The Slaver Wars: Alien Contact by Raymond L. Weil
What do you get when you combine BSG with Stargate? Perhaps somewhat surprisingly from the title and from other books this author has written, you get exactly this exact combination from The Slaver Wars: First Contact. Now it definitely doesn’t start down that path … in fact the early chapters of the book are more of a standard Military SciFi story similar to other books reviewed on this site:
Now I don’t want you think in any way that this is a bad thing … after-all they do say that “imitation is the sincerest form of flattery” … & if you’ve read any of the other reviews on this site, you know that I love those series’ that are seemingly based on the Master Of Orion game & its massive space battles which is what I thought I was getting when I first started reading the book. It took a drastic and dramatic change in the latter half of the book though and set us up for a quite compelling series of books to come which was an extremely pleasent surprise for me!
The book starts with a fleet in deep space looking for details about the size of a vicious alien enemy that had just recently decimated a series of Human colonies. We get a very large and extended flashback about the actual first contact itself as well as a look at the battles that took place before we’re once again returned to this fleet and its search for the enemy. While I wanted to get to the action quicker, I actually appreciated this flashback as it gave a very good insight into the character of the leaders of the human fleet and to some extent the motivations of the invaders also.
Returning to the present, the fleet manages to dispatch some cloaked scout ships into the heart of the alien Empire and it is here that they learn the disturbing truth. Not only are they facing a Slaver Empire thousands of planets strong, it is controlled by vicious AI’s with their own, unknown agenda.
Returning to the Human Federation, this fleet finds itself the only remaining viable force left as in their absence the Slavers had returned to the Federation and decimated all of their worlds leaving only a handful of civilian and naval vessels unharmed. The survivors however learn a secret however – one known only to a handful of people in the Federation. Tellus was not really their homeworld – they came from a planet far away called Earth!
Fleeing from the
CylonSlaver tyranny, the last Battlestar GalacticaFederation Fleet leads a rag-tag fugitive fleet on a lonely quest… a shining planet known as Earth.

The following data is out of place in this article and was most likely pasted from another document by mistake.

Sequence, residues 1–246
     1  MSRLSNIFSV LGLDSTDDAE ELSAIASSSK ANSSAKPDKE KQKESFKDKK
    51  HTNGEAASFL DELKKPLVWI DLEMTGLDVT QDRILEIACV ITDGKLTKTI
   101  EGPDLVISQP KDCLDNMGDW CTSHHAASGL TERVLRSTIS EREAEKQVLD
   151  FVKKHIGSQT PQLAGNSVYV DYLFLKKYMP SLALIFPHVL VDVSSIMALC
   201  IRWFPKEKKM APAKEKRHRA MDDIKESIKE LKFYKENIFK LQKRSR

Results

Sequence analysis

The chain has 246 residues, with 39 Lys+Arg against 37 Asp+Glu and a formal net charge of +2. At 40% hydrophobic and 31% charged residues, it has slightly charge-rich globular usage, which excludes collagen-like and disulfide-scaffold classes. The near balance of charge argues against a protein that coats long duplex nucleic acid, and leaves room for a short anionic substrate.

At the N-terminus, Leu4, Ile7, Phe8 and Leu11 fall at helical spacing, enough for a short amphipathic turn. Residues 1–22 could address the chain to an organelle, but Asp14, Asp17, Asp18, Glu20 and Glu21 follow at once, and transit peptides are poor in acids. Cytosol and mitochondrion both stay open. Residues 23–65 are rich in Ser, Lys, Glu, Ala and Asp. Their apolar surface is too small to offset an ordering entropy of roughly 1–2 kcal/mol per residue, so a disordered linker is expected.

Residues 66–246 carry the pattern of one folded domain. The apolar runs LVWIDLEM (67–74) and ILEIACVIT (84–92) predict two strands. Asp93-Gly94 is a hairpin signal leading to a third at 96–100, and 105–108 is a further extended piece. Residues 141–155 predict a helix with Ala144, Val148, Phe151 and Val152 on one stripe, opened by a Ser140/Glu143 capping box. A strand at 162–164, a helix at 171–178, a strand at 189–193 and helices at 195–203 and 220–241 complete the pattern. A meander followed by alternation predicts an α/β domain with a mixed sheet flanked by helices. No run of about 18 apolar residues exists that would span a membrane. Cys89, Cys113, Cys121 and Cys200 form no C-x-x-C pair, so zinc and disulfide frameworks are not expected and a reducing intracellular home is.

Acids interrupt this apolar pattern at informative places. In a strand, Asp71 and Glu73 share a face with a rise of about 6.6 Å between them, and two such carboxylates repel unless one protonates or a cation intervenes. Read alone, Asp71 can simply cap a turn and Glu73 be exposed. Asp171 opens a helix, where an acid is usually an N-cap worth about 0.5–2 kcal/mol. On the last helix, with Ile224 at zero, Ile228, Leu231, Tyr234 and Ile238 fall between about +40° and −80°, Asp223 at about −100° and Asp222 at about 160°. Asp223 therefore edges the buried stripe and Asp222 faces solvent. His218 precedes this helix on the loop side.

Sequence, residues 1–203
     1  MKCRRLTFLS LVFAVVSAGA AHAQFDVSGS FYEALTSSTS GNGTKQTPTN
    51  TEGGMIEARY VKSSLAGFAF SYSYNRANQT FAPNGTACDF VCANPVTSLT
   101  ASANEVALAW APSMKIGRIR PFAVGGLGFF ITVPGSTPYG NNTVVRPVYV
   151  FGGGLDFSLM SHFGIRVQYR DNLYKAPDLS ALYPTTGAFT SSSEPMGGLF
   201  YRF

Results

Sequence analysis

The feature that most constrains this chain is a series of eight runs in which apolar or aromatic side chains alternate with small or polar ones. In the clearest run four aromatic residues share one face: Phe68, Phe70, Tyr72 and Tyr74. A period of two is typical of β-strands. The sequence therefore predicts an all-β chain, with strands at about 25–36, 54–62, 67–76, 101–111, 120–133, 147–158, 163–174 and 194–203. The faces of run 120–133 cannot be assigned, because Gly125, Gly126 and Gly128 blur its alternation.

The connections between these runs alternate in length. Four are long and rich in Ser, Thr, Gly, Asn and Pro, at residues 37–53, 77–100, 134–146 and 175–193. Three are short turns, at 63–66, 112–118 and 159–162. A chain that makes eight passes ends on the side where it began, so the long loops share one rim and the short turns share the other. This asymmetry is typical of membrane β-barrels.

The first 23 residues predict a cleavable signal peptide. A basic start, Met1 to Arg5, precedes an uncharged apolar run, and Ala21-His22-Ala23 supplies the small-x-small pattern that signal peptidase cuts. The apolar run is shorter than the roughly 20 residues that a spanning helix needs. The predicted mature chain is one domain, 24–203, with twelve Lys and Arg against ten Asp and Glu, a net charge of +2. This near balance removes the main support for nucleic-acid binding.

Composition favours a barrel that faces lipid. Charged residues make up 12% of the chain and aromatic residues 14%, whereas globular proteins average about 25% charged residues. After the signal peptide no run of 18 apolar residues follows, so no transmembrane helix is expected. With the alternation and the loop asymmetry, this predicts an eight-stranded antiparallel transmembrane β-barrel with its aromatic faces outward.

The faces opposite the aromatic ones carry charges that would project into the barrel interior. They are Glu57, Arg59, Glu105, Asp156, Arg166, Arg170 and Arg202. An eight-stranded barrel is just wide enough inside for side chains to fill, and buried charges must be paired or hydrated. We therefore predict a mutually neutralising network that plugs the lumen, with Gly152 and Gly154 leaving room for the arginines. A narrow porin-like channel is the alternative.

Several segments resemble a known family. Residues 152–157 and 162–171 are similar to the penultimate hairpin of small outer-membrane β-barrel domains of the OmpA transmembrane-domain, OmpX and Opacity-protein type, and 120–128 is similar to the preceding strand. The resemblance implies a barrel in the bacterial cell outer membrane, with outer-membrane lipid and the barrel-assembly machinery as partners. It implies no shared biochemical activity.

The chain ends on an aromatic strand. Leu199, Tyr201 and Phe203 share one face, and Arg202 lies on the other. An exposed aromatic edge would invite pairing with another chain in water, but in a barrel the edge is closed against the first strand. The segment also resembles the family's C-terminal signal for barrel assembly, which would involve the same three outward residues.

What I liked
- The fleet battles were very well written – while the weaponry as mentioned below is not really on par with what you’d expect and in some ways pulls you out of the story, the actual conflicts between ships are described well.
- I really liked the Admiral and his crew. Quite a few of the supporting characters are also well written and I hope to see quite a bit more on them or their progeny in future stories. There is no immediate romance, but a gradual building up of affection over time which makes sense.
- The enemy – again lots of similarity to other similar foes from both Television and fiction – is interesting and believable. They seem to have their own story also which it would be interesting to get more information on in the future.
What I didn’t like
- I’m a bit on the fence in regards to the originality here. I have to admit that the way it was done was good – in fact the whole introduction of Earth v.s. Tellus was not only unexpected it, in some ways made sense. However, it almost didn’t need to happen at all … another excellent series in a similar vein is the Exodus: Empires at War series. Here Earth is decimated by a larger alien fleet and humanity flees to escape the purge only to have to face those same enemies thousands of years later. While I’m not suggesting that Mr. Weil would have been better served to copy Doug Dandridge, my point is that there are other solutions to get to the same place.
- It’s been pointed out by some other reviewers and I won’t belabor it here, but the weaponry seems to be significantly underpowered considering the overall technology of the fleets in question. Nukes in the multi-kiloton range and lasers as primary weaponry do not really give the fleets the firepower they deserve.
- While I know there needs to be a stupid politician – it’s almost a necessity in books of this nature it seems! – again you almost didn’t need that to get to the same point? While the military is (of course) perfect and blameless, a little bit of snooping on the part of the enemy would have got them to the same place?
I know I’ve harped on a bit about how this book riff’s from some of our most popular fictional universes, but overall it was a good, fun read that I quite enjoyed. I’m really looking forward to seeing how we eventually kick the Hoklyn’s and their Overlords back to the center of the Universe and I’ll be picking up the next one in this series soon!